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At the same time, ISIS emerged — reminding a world that had already largely forgotten 9/11 what jihad looked like. To men who believed in divine favor for holy war, the new international order meant opportunity. European countries compete for the title of “moral superpower,” while ISIS merely calls them “targets.” It confronted a civilized world that had vowed “never again” with a new genocide, and that civilized world — possessing immense military power — largely chose ”compassion” over confrontation, opening its borders to floods of refugees whose ranks contain those who despise European culture, subvert European values, and rape and kill European citizens.

Is it any wonder that citizens of one of the greatest and strongest nations in human history would recoil from an international order that was proving mainly that it could enrich an elite without seeming to lift a finger to preserve the nation’s core values and traditions — the very things that had made it great and strong? Is it any wonder that citizens of other great countries are —wondering what loyalty they owe to that same elite?

Source: Brexit: What Happens Next for United States & Russia | National Review

Peter Schiff: The Fantasy of a 91% Top Income Tax Rate ~ WSJ



In 1958, approximately two million filers (4.4% of all taxpayers) earned the $12,000 or more for married couples needed to face marginal rates as high as 30%. These Americans paid about 35% of all income taxes. And now? In 2010, 3.9 million taxpayers (2.75% of all taxpayers) were subjected to rates that were 33% or higher. These Americans—many of whom would hardly call themselves wealthy—reported an adjusted gross income of $209,000 or higher, and they paid 49.7% of all income taxes.

In contrast, the share of taxes paid by the bottom two-thirds of taxpayers has fallen dramatically over the same period. In 1958, these Americans accounted for 41.3% of adjusted gross income and paid 29% of all federal taxes. By 2010, their share of adjusted gross income had fallen to 22.5%. But their share of taxes paid fell far more dramatically—to 6.7%. The 77% decline represents the single biggest difference in the way the tax burden is shared in this country since the late 1950s.

The changes came about not so much by movements in rates but by the addition of tax credits for the poor and the elimination of exemptions for the wealthy. In 1958, even the lowest-tier filers, which included everyone making up to $5,000 annually, were subjected to an effective 20% rate. Today, almost half of all tax filers have no income-tax liability whatsoever, and many “taxpayers” actually get a net refund from the government. Those nostalgic for 1950s-era “tax fairness” should bear this in mind.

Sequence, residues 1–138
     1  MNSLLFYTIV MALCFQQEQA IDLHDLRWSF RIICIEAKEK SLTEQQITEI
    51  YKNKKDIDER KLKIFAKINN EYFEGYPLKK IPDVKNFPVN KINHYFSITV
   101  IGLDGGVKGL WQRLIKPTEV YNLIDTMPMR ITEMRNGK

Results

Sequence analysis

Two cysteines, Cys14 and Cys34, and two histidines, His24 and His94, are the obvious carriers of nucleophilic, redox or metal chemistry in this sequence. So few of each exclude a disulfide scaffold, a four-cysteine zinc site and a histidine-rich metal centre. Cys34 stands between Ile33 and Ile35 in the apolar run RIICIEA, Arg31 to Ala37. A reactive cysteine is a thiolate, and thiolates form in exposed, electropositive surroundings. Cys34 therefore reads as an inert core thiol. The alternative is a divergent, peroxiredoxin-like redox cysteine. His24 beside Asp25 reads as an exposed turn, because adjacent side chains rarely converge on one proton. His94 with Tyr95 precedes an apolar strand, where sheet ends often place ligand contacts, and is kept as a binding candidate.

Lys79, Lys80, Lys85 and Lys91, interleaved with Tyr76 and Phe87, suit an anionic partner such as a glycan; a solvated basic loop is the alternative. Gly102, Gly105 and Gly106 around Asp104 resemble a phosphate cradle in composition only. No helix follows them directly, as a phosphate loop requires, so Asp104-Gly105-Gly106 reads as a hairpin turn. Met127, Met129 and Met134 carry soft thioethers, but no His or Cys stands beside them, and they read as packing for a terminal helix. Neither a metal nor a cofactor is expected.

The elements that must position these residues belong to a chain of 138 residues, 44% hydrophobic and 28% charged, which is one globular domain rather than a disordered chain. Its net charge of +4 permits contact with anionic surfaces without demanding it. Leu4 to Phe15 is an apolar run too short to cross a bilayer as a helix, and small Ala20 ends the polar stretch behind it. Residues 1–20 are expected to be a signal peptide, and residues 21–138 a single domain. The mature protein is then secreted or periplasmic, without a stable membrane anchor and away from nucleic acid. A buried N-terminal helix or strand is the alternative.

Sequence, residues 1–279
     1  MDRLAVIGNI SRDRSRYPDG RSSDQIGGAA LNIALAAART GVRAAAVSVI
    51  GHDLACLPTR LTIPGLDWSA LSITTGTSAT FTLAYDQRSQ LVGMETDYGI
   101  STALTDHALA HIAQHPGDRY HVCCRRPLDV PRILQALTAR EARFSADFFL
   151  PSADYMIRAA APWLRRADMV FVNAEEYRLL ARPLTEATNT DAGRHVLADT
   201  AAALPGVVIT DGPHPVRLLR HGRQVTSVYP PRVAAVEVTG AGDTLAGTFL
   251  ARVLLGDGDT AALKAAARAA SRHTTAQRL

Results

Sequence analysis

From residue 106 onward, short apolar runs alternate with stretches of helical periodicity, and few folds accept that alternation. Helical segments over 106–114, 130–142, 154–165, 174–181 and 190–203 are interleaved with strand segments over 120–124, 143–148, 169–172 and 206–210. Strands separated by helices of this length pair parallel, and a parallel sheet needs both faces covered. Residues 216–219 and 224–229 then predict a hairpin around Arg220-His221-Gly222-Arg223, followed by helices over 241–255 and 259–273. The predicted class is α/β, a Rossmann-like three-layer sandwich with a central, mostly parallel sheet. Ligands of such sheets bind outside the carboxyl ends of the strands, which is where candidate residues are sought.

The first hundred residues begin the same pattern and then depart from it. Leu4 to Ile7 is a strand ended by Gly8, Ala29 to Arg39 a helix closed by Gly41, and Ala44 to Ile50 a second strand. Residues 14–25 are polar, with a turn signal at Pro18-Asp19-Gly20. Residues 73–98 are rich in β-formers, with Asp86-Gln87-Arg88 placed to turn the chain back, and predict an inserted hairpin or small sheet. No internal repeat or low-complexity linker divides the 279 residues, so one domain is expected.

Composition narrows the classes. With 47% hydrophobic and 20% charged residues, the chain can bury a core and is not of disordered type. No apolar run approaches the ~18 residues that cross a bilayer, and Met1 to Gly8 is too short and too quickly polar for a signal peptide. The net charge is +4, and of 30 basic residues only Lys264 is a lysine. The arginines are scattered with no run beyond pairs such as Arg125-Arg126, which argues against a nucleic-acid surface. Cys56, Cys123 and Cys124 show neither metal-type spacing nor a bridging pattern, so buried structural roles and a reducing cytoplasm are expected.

Source: Peter Schiff: The Fantasy of a 91% Top Income Tax Rate – WSJ

How Islamists Are Slowly Desensitizing Europe And America


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No one who found the Charlie Hebdo op-ed so offensive would ever suggest Morocco ought to welcome McDonalds or Wal-Mart with open arms. They would say the country is being ruined with Western culture. They want non-Western countries to remain exactly as they are—preserved and frozen in time-while the West must endlessly adapt to anyone who makes it their home.

The article highlights the important fact that Europe has failed to ask its Muslim immigrant population to assimilate. This fact was demonstrated recently when police discovered that the only surviving terrorist from the Paris attacks, Salah Abdeslam, was able to travel from Paris to Brussels and conceal himself there until a few days before the Brussels attacks. He was aided by a large community of French and Muslim Belgians whose loyalties clearly lie with their own community, not with Belgium, or Europe at large. What’s more, a 2013 study shows the shocking degree to which European Muslims hate the West.

Asking immigrants to assimilate doesn’t mean white-washing their culture and religion, asking them not to wear the hijab, or demanding that they eat pork. But it does mean asking them to accept, to some degree, the culture of the country to which they have willingly moved. These are things like women’s rights, tolerance, free speech, or criticism of religion. It also means not having to apologize for having a culture of one’s own. This is the point that Michel Houellebecq made in his recent novel, “Submission.”

Until we are prepared to resolutely defend our values and culture we will see these things slowly eaten away from within.

Source: How Islamists Are Slowly Desensitizing Europe And America